Broadcasters sometimes give a “peak” audience figure for a programme. This number can be interesting if it relates to, say, a penalty shoot-out at the end of a football match or the moment the winner of a talent competition is revealed.

What happens if a panel viewer is addicted to ‘Home and Away’, but doesn’t get home from work in time to watch it live. Do they count ?

That depends on how they watch it later. If they have recorded it onto the personal video recorder (PVR) / digital video recorder (DVR) connected to their television platform, then they will.

And if they watch it later that evening, they will be part of the “overnight” audience for the show – this is what’s known as the Live plus Viewed On Same Day As Live (Vosdal) ratings. They become available to broadcasters and other TAM Ireland members on the next working day.

If the time-shifting viewer watches the show back sometime within seven days, this will be added to the consolidated ratings. These have become more important in recent years as more viewers become less tied to television schedules.

It won’t count if a show is consumed in fast-forward mode.

What about the people who watch through streaming players?

Broadcasters know how many people have streamed a programme on their Players – and they have the total tally, rather than one derived from a smaller sample.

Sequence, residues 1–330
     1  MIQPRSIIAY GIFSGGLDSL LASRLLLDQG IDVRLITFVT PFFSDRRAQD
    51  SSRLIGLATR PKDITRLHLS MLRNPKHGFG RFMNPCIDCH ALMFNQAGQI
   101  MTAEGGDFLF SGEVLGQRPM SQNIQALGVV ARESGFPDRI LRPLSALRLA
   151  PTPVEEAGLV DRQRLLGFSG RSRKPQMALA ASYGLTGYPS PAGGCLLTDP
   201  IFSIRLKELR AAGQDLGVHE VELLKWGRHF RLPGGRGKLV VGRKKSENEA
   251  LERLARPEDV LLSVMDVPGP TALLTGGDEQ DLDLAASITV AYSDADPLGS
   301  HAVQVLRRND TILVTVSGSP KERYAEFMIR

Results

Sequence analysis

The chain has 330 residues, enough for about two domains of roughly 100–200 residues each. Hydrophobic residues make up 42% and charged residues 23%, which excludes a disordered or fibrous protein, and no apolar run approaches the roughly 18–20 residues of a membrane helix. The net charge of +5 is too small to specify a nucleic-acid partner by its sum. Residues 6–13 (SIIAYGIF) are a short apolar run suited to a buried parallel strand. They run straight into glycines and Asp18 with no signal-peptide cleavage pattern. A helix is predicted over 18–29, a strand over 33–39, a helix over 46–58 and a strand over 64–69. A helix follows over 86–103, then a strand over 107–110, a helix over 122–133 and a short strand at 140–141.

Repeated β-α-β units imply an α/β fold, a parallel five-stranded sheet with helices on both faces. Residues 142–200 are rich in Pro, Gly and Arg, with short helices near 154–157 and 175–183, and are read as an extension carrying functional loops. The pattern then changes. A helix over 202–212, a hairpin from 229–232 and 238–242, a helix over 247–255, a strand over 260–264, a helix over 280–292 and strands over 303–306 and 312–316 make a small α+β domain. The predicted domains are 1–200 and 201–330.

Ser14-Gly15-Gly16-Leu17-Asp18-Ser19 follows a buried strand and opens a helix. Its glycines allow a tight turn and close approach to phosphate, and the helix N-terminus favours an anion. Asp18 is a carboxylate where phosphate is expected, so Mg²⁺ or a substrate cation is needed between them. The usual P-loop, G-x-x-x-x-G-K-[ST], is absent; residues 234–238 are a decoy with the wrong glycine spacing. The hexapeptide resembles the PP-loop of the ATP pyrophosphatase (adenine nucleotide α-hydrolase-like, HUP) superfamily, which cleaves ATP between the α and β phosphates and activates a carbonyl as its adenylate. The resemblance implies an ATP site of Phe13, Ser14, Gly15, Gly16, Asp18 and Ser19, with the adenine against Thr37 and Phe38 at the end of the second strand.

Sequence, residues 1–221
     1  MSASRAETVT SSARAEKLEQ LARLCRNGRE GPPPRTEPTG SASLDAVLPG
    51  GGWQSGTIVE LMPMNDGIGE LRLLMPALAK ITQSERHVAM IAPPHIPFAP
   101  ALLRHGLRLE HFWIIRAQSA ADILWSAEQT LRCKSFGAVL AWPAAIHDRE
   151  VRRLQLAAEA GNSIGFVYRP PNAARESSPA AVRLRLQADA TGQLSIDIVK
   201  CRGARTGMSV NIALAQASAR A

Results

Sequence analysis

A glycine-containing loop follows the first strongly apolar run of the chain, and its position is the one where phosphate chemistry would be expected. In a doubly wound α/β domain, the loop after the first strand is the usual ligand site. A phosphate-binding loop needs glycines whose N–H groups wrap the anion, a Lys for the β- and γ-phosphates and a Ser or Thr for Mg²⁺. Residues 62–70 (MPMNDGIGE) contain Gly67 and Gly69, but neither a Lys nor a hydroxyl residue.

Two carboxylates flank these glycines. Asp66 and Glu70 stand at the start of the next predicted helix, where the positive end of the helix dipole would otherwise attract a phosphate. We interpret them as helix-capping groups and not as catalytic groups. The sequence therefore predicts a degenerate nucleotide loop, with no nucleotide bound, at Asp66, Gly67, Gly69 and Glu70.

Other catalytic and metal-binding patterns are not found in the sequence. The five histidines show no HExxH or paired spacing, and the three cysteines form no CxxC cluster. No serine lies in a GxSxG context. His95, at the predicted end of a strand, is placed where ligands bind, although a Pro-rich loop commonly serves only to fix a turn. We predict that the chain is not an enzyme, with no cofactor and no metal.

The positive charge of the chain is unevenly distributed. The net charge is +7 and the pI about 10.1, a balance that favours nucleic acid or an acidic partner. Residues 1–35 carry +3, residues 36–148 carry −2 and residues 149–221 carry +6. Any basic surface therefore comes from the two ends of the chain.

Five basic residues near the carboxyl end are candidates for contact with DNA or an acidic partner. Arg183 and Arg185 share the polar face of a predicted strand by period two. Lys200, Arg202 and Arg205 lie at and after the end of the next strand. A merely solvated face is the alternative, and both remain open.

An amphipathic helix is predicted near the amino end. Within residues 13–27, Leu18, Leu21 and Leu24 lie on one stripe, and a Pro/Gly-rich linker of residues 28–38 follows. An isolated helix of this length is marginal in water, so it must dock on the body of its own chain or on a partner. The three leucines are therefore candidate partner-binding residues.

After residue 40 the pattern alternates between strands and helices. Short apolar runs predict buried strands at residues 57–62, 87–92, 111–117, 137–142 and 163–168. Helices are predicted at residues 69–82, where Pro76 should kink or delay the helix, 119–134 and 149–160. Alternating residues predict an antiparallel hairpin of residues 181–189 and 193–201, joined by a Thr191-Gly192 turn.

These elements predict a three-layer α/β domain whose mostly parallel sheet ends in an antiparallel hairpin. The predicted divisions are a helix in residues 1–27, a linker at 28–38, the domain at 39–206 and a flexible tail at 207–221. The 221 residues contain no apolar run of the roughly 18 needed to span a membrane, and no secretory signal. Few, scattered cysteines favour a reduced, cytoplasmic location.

But viewing via on-demand services like RTÉ Player is measured separately from the TAM Ireland / Nielsen figures and can’t simply be lumped in with Nielsen’s average audience figure for a total rating. That’s because people often don’t consume the full programme when they hit “play”, or the Player might crash, so a single person can end up generating multiple streams.

The industry is currently hard at work at developing a method of measuring this digital audience in a way that is reliable and comparable to its measurement of traditional television consumption. The jargon here is “integrated” data.

Are broadcasters reading my tweets?

They are definitely measuring hashtag activity, yes. Broadcasters are very keen to track the social media “buzz” with their biggest shows, because they can then use it to prove to advertisers that their viewers aren’t asleep in front of the screen – they are really paying attention. That makes it more likely they’ll be paying attention to the ads too.

Who cares how many people watch a TV show anyway?

Advertisers care. So do the broadcasters – the fewer people actually watch television, the less money they can make.

It has been getting harder for the industry to really rake in revenues of late - partly because advertisers are giving their money to Facebook, partly because some advertisers have been cautious with their marketing budgets in 2017 and partly because fewer shows are cutting through and delivering big audiences.

But in an age of media fragmentation, television is still a good bet for advertisers. The Toy Show’s audience share of 77 per cent last year means it was watched by 77 per cent of the people who were watching television at the time - to put this in context, any share greater than 30 per cent in the multichannel era is pretty good. A share of 77 per cent is a phenomenon.

That’s why “event TV” like tonight’s show is so valuable to RTÉ.

How valuable?

A 30-second ad during the Toy Show had a price tag of €34,000, while advertisers will have paid 25 per cent more to secure the most attractive positions in the commercial breaks – the spots that come before or after viewers head to the kitchen for a festive refill.